Wok Wednesday – Make your own adventure

Cajun Stri FryI was feeling a bit under the weather Wednesday so I'm a day late. Sorry 'bout that. This time around we got to choose our own recipe to make and I decided to take another pass at my Cajun stir fry.

Possibly the most interesting part of the dish is the roux-based sauce. I've having some trouble getting the consistency right. There's got to be a middle ground between wallpaper paste and watery. And the dish feels a bit incomplete. It's basically just the trinity with a protein.

I'll keep plugging away at it. It tastes good at least.

Wok Wednesdays – Chinese American Cabbage with Bacon

Bacon Cabbage Stir FryWok Wednesday, for me this week, fell on a Friday. What can I say? The alligators were a bit deep this week. Anyway, as always, the recipes are drawn from Grace Young's Stir-Frying to the Sky's Edge and this time around, we got to choose our own recipe.

As I was flipping though the book I noticed a recipe that really spoke to me on several levels. It's from a lady who grew up in New Mexico during the '40's without much access to Chinese produce. So her family was forced to do the best they could with what they had available. And I can certainly relate to that.

The stir fry also reminded me of some of my early efforts, before I really had a clue. So, without further ado, I made Chinese-American Cabbage with Bacon. I substituted some marinaded tempeh for the bacon and I also made some parsnip chips. Those were kind of my whimsical attempt at looking like bacon. And they turned out better than I thought so I'm happy.

And as Emeril used to remind us, "Pork fat rules"! So what's not to like?

Wok Wednesday – Wok-Seared Vegetables

veg_for_webWok Wednesday has returned and with a vegan dish to boot! I joked around with the group that, just to maintain to karmic balance of the universe, I should add some meat to this. Fortunately, it didn't come to that and the Universe is still intact and I've made a recipe without having to modify it! As always, the recipe is from Grace Young's Stir-Frying to the Sky's Edge.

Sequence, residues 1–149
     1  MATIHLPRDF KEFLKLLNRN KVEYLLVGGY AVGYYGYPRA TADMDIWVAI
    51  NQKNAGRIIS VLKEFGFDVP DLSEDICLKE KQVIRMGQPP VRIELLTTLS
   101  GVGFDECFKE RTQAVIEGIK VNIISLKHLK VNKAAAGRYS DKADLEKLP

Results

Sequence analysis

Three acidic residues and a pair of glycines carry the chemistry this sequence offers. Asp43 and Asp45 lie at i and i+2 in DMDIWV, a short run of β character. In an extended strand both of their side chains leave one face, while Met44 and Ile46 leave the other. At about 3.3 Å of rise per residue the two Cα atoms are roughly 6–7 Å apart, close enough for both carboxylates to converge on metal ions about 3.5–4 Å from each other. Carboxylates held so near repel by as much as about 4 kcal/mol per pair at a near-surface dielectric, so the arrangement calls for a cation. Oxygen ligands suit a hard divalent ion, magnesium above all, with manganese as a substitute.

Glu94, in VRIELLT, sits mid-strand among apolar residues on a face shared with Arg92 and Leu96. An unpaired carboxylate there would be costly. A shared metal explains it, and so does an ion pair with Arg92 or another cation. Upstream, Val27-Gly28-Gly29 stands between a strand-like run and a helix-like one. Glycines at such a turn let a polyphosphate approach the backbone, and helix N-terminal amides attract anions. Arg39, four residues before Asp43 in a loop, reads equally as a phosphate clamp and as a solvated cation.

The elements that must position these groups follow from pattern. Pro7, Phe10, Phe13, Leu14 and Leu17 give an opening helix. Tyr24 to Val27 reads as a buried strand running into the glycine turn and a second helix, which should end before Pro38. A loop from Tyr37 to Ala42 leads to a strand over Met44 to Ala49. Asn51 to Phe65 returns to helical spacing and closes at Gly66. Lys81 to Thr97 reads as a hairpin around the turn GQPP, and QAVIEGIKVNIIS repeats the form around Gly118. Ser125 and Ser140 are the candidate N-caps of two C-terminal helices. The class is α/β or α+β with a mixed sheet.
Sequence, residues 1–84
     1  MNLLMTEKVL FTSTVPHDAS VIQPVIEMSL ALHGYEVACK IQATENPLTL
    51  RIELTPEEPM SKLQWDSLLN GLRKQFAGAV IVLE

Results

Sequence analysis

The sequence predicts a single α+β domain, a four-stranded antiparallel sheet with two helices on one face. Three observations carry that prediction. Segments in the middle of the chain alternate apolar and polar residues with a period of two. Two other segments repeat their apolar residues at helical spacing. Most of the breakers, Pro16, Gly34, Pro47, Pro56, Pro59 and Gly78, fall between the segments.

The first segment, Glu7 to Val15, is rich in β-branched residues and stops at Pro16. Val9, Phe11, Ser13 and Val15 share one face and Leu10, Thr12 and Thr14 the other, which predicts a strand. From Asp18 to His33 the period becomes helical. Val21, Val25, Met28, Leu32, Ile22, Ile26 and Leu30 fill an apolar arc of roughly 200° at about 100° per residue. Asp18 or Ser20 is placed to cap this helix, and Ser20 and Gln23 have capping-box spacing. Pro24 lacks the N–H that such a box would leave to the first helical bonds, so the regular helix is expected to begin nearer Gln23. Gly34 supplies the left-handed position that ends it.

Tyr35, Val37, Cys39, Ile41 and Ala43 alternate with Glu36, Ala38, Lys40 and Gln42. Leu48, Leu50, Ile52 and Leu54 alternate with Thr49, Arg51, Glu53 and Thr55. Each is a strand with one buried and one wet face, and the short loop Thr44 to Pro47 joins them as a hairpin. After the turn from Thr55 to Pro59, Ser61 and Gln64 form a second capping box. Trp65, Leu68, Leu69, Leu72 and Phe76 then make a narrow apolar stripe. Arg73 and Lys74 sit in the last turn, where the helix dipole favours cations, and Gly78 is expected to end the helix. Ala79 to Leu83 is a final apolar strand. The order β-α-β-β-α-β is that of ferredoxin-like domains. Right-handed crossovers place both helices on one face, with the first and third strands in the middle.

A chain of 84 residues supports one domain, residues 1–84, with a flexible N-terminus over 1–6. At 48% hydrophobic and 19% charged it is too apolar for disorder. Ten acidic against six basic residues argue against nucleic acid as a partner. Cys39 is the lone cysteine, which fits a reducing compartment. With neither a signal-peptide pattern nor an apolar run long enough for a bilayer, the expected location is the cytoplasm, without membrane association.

Spring is upon us and the use of asparagus here reflects that. A lot of fresh veg with a simple sauce that allows the flavor of the produce to shine forth. Giving the asparagus a quick blanch keeps it that bright green color and makes sure its crisp without being over-cooked.

Link roundup for 3 May 2013

Chain linksSome things I've found interesting around the web.

Duck awarma with smoked hummus

I'm not as interested in the recipe itself as the directions for using a wok as an impromptu smoker. Something to keep in mind if you don't have a smoker box.

How to Make: Stir-fries

This is a pretty generic 'how to stir fry' article but there are some decent bits of information. Just be aware things aren't quite as black and white as it says. Although not poking and prodding at your protein is pretty much always good advice.

10 Ways to Be a More Creative Cook

Just some fun ideas to keep from being bored in the kitchen.

Wok Wednesdays – Velvet Chicken with Asparagus

asparagus_stir_fryIt's back! After taking a Spring Break, Wok Wednesday has returned with a fresh new take on spring flavors. As always, the recipe comes from Grace Young's Stir-Frying to the Sky's Edge and equally as always, I've changed the recipe around. Sorry Grace.

I tried a new seitan recipe for this one and the flavor was really great but the texture wasn't the best. I have some idea for fixing that though. I didn't velvet the seitan as it really doesn't add anything and I also added the seitan first as it needed to cook longer than chicken would. And I used a mix of white and green asparagus for visual impact.

This is a delicate dish that showcases one of my favorite early spring flavors, fresh asparagus. Probably better suited to a side dish than a main, it's quite tasty and I'll keep it in mind for future springs.

Don't forget to see what other group members have come up with!

Link roundup for 26 April 2013

Chain linksSome things I've found interesting around the web

Noodles in France - New Study Released

It seems Asian food and wok cooking in particular are becoming more popular in France. No word on whether snails are involved though.

Chinese food in India is the most popular foreign cuisine

I found this interesting because I came to Chinese cooking basically though Indian cuisine. A lot of Indian cookbooks contain 'Indianified' versions of Chinese dishes and I wanted to see what the original versions looked like.

Link roundup for 19 April 2013

Chain linksSome of the things I've found interesting around the Web this week.

Imported rice may contain dangerously high lead levels

I don't eat a great deal of rice but when I do, it's Indian basmati rice so this is of great concern to me. But about all I can see to do is to buy high quality rice from a supplier you trust.